This website is for use by legal professionals (lawyers and law practices) only. If the information is used incorrectly, you could risk losing money or your legal rights. If you are a member of the public looking for free advice about your legal problems please visit, or contact our Legal Help advice line on 1300 792 387, Monday to Friday from 8 am to 6 pm. 

If you decide to use or rely on the information or make decisions based on the information in this website (which VLA does not recommend) VLA is not liable to you or any third party in any way for any loss, damage, costs or expenses you or they may suffer or incur as a result.

Search and seizure

Information about police powers to search and seize drugs.

Without warrant in public

In a public place, police need at least reasonable grounds for suspecting a drug of dependence exists before they can conduct searches without warrant.

This suspicion may arise in various ways. For example, the fact that a person appears substance affected and is answering questions evasively is normally enough.

See Commonwealth and Victorian Drug Offences.

In public places, once police have formed this suspicion they can proceed to search a person, vehicle or animal. Any drugs of dependence found can be seized.

See s. 82—Drugs, Poisons and Controlled Substances Act 1981 (Vic)(opens in a new window).

Note: A protective services officer who is on duty in a designated place may conduct a search with a warrant. They must hand over any drugs, drug related devices or instruments found to police as soon as is practical.

See s. 82A—Drugs, Poisons and Controlled Substances Act 1981 (Vic)(opens in a new window).

Without warrant on private property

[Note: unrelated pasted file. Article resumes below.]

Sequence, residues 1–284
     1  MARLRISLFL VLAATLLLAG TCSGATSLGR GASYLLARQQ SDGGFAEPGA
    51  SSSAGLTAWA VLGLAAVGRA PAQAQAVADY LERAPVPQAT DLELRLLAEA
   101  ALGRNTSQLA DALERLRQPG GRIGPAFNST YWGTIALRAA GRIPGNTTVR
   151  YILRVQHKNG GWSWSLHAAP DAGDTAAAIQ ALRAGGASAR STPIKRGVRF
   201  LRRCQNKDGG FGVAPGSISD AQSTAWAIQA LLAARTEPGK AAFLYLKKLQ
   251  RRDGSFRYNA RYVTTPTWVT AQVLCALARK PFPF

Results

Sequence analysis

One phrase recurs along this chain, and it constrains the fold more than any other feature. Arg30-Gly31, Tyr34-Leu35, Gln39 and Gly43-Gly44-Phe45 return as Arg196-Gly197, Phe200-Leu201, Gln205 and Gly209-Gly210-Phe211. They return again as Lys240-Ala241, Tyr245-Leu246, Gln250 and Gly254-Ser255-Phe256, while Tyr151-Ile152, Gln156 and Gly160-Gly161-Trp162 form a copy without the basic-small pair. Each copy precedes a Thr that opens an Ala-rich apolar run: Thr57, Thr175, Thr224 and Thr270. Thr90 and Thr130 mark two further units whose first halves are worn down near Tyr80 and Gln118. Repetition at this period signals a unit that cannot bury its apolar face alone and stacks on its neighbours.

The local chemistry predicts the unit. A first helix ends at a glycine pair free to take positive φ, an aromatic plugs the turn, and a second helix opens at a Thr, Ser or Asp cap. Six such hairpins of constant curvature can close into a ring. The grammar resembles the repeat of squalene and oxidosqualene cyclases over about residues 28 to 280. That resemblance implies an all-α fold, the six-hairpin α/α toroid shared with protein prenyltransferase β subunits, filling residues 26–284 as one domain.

On private property, powers to search without warrant come from the Crimes Act 1958 (Vic). Police have powers to enter, search and arrest when they have reasonable grounds to believe a ‘serious indictable offence’ is or has been committed. (A ‘serious indictable offence’ is one where the maximum penalty is a jail term of 5 years or more on first conviction, such as drug trafficking.)

See Which offences can be heard in the Magistrates' Court?

In addition, if police find a drugs offence being committed while they are on private property, they can arrest the person to prevent further commission of the offence.

See ss. 458, 459 and 459A—Crimes Act 1958 (Vic)(opens in a new window).

Searches with a warrant

Police can apply to the Magistrates’ Court for a warrant. Giving evidence on oath, they must satisfy the court there are reasonable grounds for believing there is anything in relation to a drugs offence present (or there will be within 72 hours).

Warrants allow for search and seizure in almost any place or time. They can be as wide or narrow in scope as the Magistrate determines.


Even before conviction, police can apply for an order for the forfeiture and subsequent destruction of drugs and related items (for example, equipment used for cultivation). The court’s power is very broad. All that is required is:

  • for a substance: proof that it is or contains a drug of dependence
  • for other items: proof that the item has been or is capable of being used in the cultivation, manufacture, sale or use of a drug of dependence.

See s. 83—Drugs, Poisons and Controlled Substances Act 1981 (Vic)(opens in a new window).

More information


Drugs, Poisons and Controlled Substances Act 1981 (Vic)

  • s. 81—warrant to search premises
  • s. 82—search without warrant
  • s. 82A—powers to search by a protective services officer
  • s. 83—forfeiture of drug of dependence or substance before conviction

See Drugs, Poisons and Controlled Substances Act 1981 (Vic)(opens in a new window).

Crimes Act 1958 (Vic)

  • s. 458—persons found committing offences can be apprehended without warrant by anyone having reasonable grounds to believe the apprehension is necessary for certain reasons
  • s. 459—police and PSO powers to apprehend when having reasonable grounds to believe indictable offence has been committed
  • s. 459A—police power to enter and search places when having reasonable grounds to believe serious indictable offence has been committed or is in progress

See Crimes Act 1958 (Vic)(opens in a new window).


Commonwealth and Victorian Drug Offences

Please contact Helen Askew if you need this information presented in an accessible format.

Commonwealth and Victorian Drug Offences (pdf, 302 KB)(opens in a new window).

Paper presented by Mark Regan, barrister, at VLA Criminal Specialisation Project 2014 about drug offence in Victoria and the Commonwealth.